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I recently asked a question about design and got suggestion about how to structure my code. I'm still working on design so I only have pseudo code, but this is what I had in mind.

class TableManager()
{
    int init(DBManager manager, String name)
    {
        this.name = name
        this.manager = manager
    }

    int add_thing(Thing thing) 
    {
        try {
            manager.cursor.execute("INSERT INTO %s, (%s)) % (this.name, thing)
            return 1
        } catch {
            return -1; 
        }
    }

Initially I figured that you would unittest this by initializing TableManager in the unittest setup by passing it a DBManager connected to localhost and "TEST_TABLE" as the name argument.

Then you would call add_thing with various table states. For example, the first test would call add_thing with an initially empty table. The unittest would then check the status of the TEST_TABLE to make sure the added thing is in the table.

Is this considered integration testing or unit testing?

Someone mentioned using a MockDatabase to unit test the table manager. I don't see what that would do? You could create a MockDatabase which just returns true when execute is called, but I don't see how that would test the functionality of add_thing without actually having a database to make sure the element was added successfully.

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... I'm still working on design so I only have pseudo code ...

Your code is your primary design document as it's the only one that informs the compiler on how to create your app for you. Never feel you have to justify writing code to help clarify high-level designs.

manager.cursor.execute("INSERT INTO %s, (%s)) % (this.name, thing)

Please read up SQL injection and never create SQL statements this way!

Is this considered integration testing or unit testing?

You are relying on a side effect to your test (changing a database). So such tests are integration tests.

You could create a MockDatabase which just returns true when execute is called, but I don't see how that would test the functionality of add_thing without actually having a database to make sure the element was added successfully.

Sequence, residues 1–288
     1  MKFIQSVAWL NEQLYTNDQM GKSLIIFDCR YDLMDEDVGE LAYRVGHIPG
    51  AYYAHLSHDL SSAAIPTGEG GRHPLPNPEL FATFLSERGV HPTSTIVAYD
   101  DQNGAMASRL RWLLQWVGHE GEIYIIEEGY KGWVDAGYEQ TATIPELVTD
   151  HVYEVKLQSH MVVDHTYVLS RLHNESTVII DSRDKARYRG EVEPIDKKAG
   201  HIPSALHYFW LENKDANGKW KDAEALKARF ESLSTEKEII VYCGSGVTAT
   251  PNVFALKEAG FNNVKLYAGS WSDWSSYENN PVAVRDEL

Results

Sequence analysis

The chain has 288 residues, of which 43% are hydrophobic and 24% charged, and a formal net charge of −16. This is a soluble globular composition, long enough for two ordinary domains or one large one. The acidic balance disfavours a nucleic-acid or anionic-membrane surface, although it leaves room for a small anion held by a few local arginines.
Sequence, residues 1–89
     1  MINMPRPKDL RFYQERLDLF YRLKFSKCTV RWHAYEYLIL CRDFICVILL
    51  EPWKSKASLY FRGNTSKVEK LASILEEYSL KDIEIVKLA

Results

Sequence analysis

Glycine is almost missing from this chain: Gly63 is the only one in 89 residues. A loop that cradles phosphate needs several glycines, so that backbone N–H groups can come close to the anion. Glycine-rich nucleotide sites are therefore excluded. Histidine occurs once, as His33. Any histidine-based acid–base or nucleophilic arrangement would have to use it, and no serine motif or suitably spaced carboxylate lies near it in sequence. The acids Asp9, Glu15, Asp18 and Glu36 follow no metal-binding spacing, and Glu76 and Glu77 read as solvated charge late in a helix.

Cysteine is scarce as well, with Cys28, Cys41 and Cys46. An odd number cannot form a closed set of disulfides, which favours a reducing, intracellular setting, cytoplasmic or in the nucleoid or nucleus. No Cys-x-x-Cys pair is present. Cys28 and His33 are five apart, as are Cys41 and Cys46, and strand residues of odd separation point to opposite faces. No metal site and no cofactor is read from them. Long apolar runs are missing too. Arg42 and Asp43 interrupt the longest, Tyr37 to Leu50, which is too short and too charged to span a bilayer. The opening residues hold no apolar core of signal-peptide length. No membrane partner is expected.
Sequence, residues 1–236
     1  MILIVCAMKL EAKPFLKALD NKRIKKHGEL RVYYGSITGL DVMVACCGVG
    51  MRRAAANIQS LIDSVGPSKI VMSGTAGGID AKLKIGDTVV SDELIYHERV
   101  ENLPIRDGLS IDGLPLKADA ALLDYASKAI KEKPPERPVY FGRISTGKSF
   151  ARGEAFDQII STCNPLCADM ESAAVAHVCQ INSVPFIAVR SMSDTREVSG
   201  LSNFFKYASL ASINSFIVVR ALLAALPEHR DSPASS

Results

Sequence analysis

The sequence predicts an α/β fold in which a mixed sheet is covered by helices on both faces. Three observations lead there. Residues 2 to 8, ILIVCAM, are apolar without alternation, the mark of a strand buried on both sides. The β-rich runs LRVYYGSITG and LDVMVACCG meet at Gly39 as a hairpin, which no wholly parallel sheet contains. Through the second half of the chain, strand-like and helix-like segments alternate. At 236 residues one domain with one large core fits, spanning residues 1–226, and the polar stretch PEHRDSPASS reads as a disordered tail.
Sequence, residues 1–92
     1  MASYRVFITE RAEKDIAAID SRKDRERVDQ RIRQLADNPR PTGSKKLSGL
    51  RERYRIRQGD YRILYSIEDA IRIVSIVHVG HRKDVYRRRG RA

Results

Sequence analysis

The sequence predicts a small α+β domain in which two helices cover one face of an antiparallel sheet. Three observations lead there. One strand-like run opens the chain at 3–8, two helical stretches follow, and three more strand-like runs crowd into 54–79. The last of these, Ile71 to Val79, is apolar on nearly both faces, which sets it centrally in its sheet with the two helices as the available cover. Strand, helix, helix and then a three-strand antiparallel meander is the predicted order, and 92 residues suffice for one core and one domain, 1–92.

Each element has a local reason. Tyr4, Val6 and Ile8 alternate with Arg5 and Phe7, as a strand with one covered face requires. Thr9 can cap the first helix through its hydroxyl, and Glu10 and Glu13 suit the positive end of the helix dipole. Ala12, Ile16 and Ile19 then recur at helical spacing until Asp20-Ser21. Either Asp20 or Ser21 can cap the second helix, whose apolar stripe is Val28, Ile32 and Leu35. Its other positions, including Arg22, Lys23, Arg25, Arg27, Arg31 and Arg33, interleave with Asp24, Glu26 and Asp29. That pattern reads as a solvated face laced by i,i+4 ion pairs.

You are right: this is a downside to unit tests. They are fast and easy to create, but they test code in isolation. It could test that some sort of string is passed to manager.cursor.execute, it could even do some parsing of the string to test it for validity, but to truly test this code you need a real database and an integration test.

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An unit test tests whether a component works as expected, in isolation. The focus is on the behaviour of the component.

An integration test tests whether multiple components cooperate successfully. The focus is on their interaction.

A good mental framework for unit tests is the concept of the value added test[1]. A unit test does not check the complete behaviour of a component including the behaviour of other components used by it, but tests only the value added by that code. Why do we need that code? What would happen if we deleted it? That should be the subject of a concise unit test.

[1]: see Quality Code. Software Testing Principles, Practices and Patterns by Stephen Vance.

Here, the code in that unit just calls manager.cursor.execute() with certain values and turns exceptions into return values. To test that code as a “value added” unit test, we would inject a mock DBManager instance. This mock then asserts that it is given certain values, and we can specify what it is supposed to return. We can then test:

  • The DBManager cursor is called with a specific string argument.
  • When execute() returns normally, add_thing() returns 1.
  • When execute() throws, add_thing() returns -1.

And that's all an unit tests should do, because that's all the code you are testing does.

If we use a real database that would be an integration test – we are not only testing the class but also the DBManager and the database system itself. The tests would now be:

  • When I add a thing, it appears in the database in the correct table.
  • add_thing() returns 1 on success.
  • Upon some error, add_thing() returns -1 (e.g. when a non-existent table name is used).

In practice, the difference between integration tests and unit tests is not drawn as clearly. Instead of being pure, tests should be useful. If it has more value to cleanly test your TableManager in isolation do that. If it has more value to set up a test database, do that instead. Colloquially, all automated tests of single classes are called “unit tests”, even when the tests rely on external services like databases. Keep in mind though that isolated tests tend to run faster and are more resistant against unrelated changes in other parts of the system.

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